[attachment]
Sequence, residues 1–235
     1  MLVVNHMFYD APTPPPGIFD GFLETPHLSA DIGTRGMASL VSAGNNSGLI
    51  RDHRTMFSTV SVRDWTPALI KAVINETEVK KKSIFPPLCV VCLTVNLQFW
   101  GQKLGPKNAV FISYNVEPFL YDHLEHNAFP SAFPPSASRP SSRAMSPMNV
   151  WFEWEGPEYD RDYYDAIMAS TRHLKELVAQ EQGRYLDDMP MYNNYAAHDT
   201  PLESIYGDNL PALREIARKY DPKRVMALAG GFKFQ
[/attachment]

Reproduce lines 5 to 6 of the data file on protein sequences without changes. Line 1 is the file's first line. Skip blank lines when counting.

   151  WFEWEGPEYD RDYYDAIMAS TRHLKELVAQ EQGRYLDDMP MYNNYAAHDT
   201  PLESIYGDNL PALREIARKY DPKRVMALAG GFKFQ